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Topics About 'Senior Citizens Day'.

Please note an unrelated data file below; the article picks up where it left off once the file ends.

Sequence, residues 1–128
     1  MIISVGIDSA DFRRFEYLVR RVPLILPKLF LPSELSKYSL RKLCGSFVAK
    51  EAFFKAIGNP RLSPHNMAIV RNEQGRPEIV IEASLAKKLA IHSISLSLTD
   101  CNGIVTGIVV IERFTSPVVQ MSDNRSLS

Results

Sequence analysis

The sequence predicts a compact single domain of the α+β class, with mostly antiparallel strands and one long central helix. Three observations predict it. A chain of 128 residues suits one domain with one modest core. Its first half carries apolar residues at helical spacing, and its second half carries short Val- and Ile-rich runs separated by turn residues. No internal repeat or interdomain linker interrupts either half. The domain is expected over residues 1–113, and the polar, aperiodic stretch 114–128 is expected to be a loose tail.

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  1. Aging is not a disease. I feel very strongly about this, and I know many other nurses also do. Still, many nurses have a very different attitude toward seniors, and indeed, they reflect a lot of what society says about our elders. I want to remind myself and you to stop and reflect and examine our views and attitudes towards Senior Citizens and how we treat them. Aging is Not a Disease Many elders are bright, active, contributing members of their communities. Let’s emulate the Japanese and honor our seniors. There were 4,096,607 registered nurses (RNs) and 920,655 licensed practical nurses/licensed vocational nurses (LPN/LVNs) in the United States as of October 2019 (2020NurseandMidwife). I would venture to say most of us work with seniors at least part of the time, whether we are working in a doctor’s office, hospital, or of course, if we are working in Skilled Nursing or managed care facilities. So, the numbers tell us we affect many older people. I have watched too many nurses talk baby talk to these beautiful people in our charge. Those nurses are well-intentioned, however misguided. There is also a prevalent attitude that these people are naturally disabled. First of all, it is not always true. I knew one man, who would be considered elderly, who went on a mountain climbing trek for a vacation. I know another senior, 80 years old this month, who rides approximately 20 miles a day on his bicycle for exercise. You can probably think of those in your own life who are still very active and taking care of themselves, and perhaps even taking care of others. For those that have become weakened or even handicapped with age, we need to step back, let them do everything they can for themselves (I know, this takes a lot of patience), and then offer to assist before jumping in to do anything for them. History of this Day It was President Ronald Reagan who declared August 21 as National Senior Citizens Day. He did this when he signed Proclamation 5847. At that time, he said: “Throughout our history, older people have achieved much for our families, our communities, and our country. That remains true today, and gives us ample reason this year to reserve a special day in honor of the senior citizens who mean so much to our land,” Reagan proclaimed. “For all they have achieved throughout life and for all they continue to accomplish, we owe older citizens our thanks and a heartfelt salute. We can best demonstrate our gratitude and esteem by making sure that our communities are good places in which to mature and grow older — places in which older people can participate to the fullest and can find the encouragement, acceptance, assistance, and services they need to continue to lead lives of independence and dignity.” (National Senior Citizens Day – August 21, 2021) Of course, it is poignant that Ronald Reagan himself ended up battling one of the Alzheimer’s diseases; one of the most debilitating diseases we face. How We Treat Them is How They’ll Behave The United States’ attitude toward Senior Citizens gets pretty low marks. Watch the advertising, and the TV shows, and the movies. So much of the time elderly are depicted as foolish, slow, or ludicrous. We all know people who play into that. I have even known co-workers at Skilled Nursing facilities who made very bad, deprecating jokes about older people in general. We can do better. All of us, seniors included, tend to act the way we’re treated. It’s a natural reaction. Remember the old adage “treat someone like a horse long enough, eventually they’ll put on a saddle”. I may be misquoting a little there. Anyway, for our own good and the good of others, let’s try to have a more healthy, positive perspective about aging in this country. We need to realize what our elders can give us – wisdom, kindness, encouragement, the benefits of their vast experiences. Many seniors contribute to the betterment of our communities with their volunteer work. Let’s honor all of them on this National Senior Citizen’s Day.